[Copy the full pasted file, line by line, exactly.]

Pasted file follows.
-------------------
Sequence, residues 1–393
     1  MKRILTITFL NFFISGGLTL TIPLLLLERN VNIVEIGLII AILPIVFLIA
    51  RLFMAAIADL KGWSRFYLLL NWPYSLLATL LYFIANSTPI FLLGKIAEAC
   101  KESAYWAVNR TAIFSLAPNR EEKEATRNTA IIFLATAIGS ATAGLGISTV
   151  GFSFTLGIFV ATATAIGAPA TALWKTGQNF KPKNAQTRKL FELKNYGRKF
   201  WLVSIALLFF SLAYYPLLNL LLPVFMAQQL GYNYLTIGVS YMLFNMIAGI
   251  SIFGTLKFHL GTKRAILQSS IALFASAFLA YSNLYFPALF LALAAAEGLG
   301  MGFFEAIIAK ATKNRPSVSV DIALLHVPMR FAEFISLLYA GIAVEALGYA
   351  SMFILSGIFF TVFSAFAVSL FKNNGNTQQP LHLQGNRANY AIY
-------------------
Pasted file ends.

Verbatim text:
Sequence, residues 1–393
     1  MKRILTITFL NFFISGGLTL TIPLLLLERN VNIVEIGLII AILPIVFLIA
    51  RLFMAAIADL KGWSRFYLLL NWPYSLLATL LYFIANSTPI FLLGKIAEAC
   101  KESAYWAVNR TAIFSLAPNR EEKEATRNTA IIFLATAIGS ATAGLGISTV
   151  GFSFTLGIFV ATATAIGAPA TALWKTGQNF KPKNAQTRKL FELKNYGRKF
   201  WLVSIALLFF SLAYYPLLNL LLPVFMAQQL GYNYLTIGVS YMLFNMIAGI
   251  SIFGTLKFHL GTKRAILQSS IALFASAFLA YSNLYFPALF LALAAAEGLG
   301  MGFFEAIIAK ATKNRPSVSV DIALLHVPMR FAEFISLLYA GIAVEALGYA
   351  SMFILSGIFF TVFSAFAVSL FKNNGNTQQP LHLQGNRANY AIY